Relationships and Finances

If you and your new spouse are marrying lifestyles, creating a “Brady Bunch” family can be a lot more difficult than Marsha and gang let on. Five teens racing for one bathroom causes more sucker punches and fist fights than family togetherness moments...

Growing up Brady can be difficult in so many aspects (including daily bathroom privilege fights), but one of the biggest problems encountered may be financial. What do you do, for example, when an extra couple of kids are vying for your attention..and your wallet?

Have you ever been chugging along on your budget path quite nicely for months or years only to be derailed by a spousal purchase? If the draw for a big screen TV, a video game, a designer purse, or a pair of (beautiful...) shoes finally got the better of your spouse, what should you do?

We find ourselves more than halfway finished with 2011, and now may be a great time to assess our financial goals for the year. Many of these goals fall into joint finance goals, so as we continue our Money and Relationships series, let’s take a look at our goals for the year and how we can get back on track.

What Was My Goal Again?

My husband and I got married on a whim. We lived across the country from our families, and we had put off our wedding for three years. Planning a wedding from 2,000 miles away just wasn’t happening. So one day, on a beach in South Carolina, we eloped to the tune of seagulls, whispering waves…and $300.

I love my husband’s family. Honestly! They are all kind, fun, caring people who I am very happy to now call “My Family.” I know, I know; I am one of the lucky ones, and I count my blessings every day. That being said, however, in-law vacations can still be taxing, especially when it comes to money issues. Let’s look at some ways to handle your cash during in-law family vacations.

Pick Up the Tab

My husband and I were together for a long time before we got married. We dated, got engaged, moved in together, got married, moved cross-country (twice), bought a house (twice) and remodeled (twice). All of this was together…but with separate finances.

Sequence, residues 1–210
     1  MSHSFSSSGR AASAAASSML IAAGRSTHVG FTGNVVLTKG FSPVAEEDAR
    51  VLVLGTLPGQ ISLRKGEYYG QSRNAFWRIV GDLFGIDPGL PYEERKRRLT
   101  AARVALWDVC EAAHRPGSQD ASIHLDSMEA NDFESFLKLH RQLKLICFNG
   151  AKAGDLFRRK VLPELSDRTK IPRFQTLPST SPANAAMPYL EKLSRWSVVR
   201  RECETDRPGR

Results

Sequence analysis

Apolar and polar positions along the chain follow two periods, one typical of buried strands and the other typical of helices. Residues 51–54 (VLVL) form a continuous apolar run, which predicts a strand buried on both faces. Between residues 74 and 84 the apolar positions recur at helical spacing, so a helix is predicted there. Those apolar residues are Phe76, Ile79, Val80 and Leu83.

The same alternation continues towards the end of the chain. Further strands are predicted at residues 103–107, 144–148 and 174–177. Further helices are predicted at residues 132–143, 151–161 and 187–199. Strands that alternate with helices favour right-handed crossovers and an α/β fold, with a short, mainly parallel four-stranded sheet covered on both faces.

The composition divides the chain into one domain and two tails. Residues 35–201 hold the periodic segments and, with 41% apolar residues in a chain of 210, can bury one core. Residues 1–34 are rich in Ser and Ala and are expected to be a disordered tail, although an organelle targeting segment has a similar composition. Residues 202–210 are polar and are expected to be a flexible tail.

Whoa! Back up, you say? Why did we have separate finances through all of our major life changes? Honestly, we just didn’t put the time and effort into joining our finances. Our system worked, and it worked for a really long time.

Buying your first house with your spouse may seem like an extremely daunting task, and there’s a reason for that: it can be difficult. With so many options swimming through your heads, the house-buying process is often a little overwhelming. And agreeing on the price, location, amenities, style, etc. can be trying. So how can you and yours decide on the perfect home together? Let’s take a look at some ideas.

Decide on a Price Point

I read a post recently on a discussion board, This post details the feelings of entrapment, financial inequality and neglect stay-at-home-mother (SAHM) Wyjo feels because her fiancé hoards all of the money that “he brings in.” This situation can actually occur more often than one would think, so I thought we could all brainstorm some solutions to Wyjo’s situation.

The Situation

Have you ever folded on a financial issue because it was easier? Maybe you wanted a different outcome but were too tired of having the conversation to continue, or perhaps you didn't want to make waves in some financial decision that was "kinda sorta ok with you." If this has happened to you, don't worry: it happens to everyone and is not the end of the world...or the end of the discussion.

As we continue to delve into our money and relationships series, we find ourselves standing in front of the first big joint purchase. Now, it doesn't matter whether a couple's first virgin joint spending is on the wedding ring combo, the wedding, a car or a house; the same nervousness and excitement are sure to be present.